What is unique about long term survivors?
some are homozygous for a mutation in the CCR5 receptor
What happens first when someone is infected with HIV?
high blood virus levels develop and peak around 6 weeks
____ are able to suppress viral replication but not eliminate the virus DNA from their nuclei.
Once they get symptoms of _____ or _____, or their Th (CD4+) cells fall below 200/μL of blood, it’s AIDS.
opportunistic infections; Kaposi’s sarcoma
How does HIV bind to Th cells?
using its gp120 envelope glycoprotein to CD4
People are ‘______' if they have antibody to HIV.
Once they get symptoms of opportunistic infections or Kaposi’s sarcoma, or their Th (CD4+) cells fall below ___ of blood, it’s AIDS.
During the _____, the major site of HIV persistence is memory Tfh cells in the lymph nodes.
long seropositive period
What is the normal CD4/CD8 ratio?
There are two classes of RT inhibitors: ____, which are competitive inhibitors and chain-terminators; and _____ inhibitors, which bind a hydrophobic pocket on the enzyme that changes the conformationof the catalytic site.
nucleosides (NRTI); non-nucleoside (NNRTI)
What is ART?
standard antiretroviral therapy that combines two NRTIs and a third drug from a different class, usually an NNRTI
Why does HIV want to form a syncytium?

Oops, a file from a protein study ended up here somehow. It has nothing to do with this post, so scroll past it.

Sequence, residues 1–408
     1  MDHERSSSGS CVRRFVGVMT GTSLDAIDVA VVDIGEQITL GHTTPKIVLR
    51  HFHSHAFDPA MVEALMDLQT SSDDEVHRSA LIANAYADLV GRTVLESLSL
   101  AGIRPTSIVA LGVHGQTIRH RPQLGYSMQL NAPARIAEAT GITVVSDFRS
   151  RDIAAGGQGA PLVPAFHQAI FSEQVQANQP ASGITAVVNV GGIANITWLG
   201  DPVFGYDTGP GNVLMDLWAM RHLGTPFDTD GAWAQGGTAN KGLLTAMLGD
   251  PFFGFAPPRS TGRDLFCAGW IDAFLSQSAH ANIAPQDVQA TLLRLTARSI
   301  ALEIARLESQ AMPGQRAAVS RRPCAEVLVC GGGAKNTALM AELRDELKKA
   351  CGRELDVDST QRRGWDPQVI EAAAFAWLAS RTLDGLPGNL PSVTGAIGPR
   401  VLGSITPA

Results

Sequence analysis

to spread without going extracellular
During the long seropositive period, the major site of HIV persistence is _____ cells in the lymph nodes.
These are some long term survivors that became infected with HIV but did not progress to AIDS; some have HLA-B57.
Why do CD4 cell counts eventually fall?
the immune system can no longer keep up
These are viruses that cause slow disease progressions but are ultimately fatal.
People are ‘seropositive’ if they have _____.
antibody to HIV
HIV-1 is the most _____ pathogenic virus we have encountered.
What are elite controllers?
some long term survivors that became infected with HIV but did not progress to AIDS; some have HLA-B57
What is a lentivirus?.
viruses that cause slow disease progressions but are ultimately fatal
____ is the leading cause of death in people infected with HIV.
Tfh cells are able to suppress viral replication but not _____.
eliminate the virus DNA from their nuclei
_____ is a tumor of the endothelial cells lining lymphatics.
What is CCR5?
an HIV coreceptor
What is important about the HLA-B57 allele?
pts with it make effective CTL to HIV peptides presented in HLA-B57
What happens to HIV infected T cells?
1. die rapidly OR 2. become persistent viral producers OR 3. enter latency
HIV binds to cells via ____ on _____ called _____.
lectin; dendritic cells; DC-SIGN
What is the mean incubation period from HIV to AIDS?
9.5 years w/o treatment
HIV virus type?
a nontransforming retrovirus,
What happens after HIV uses its gp120 to bind to Th cells?
gp120 undergoes a conformational change, allowing it to bind to the CCR5 co-receptor
Antibody to HIV peaks around ____, and then ____.
9 weeks; virus levels fall to almost zero
Why does ELISA for HIV have to be followed up with a Western blot?
ELISA has a false-positive rate
What does gp120/gp41 do?
when inserted in the plasma membrane, it allows fusion of the infected cell to nearby cells, forming a syncytium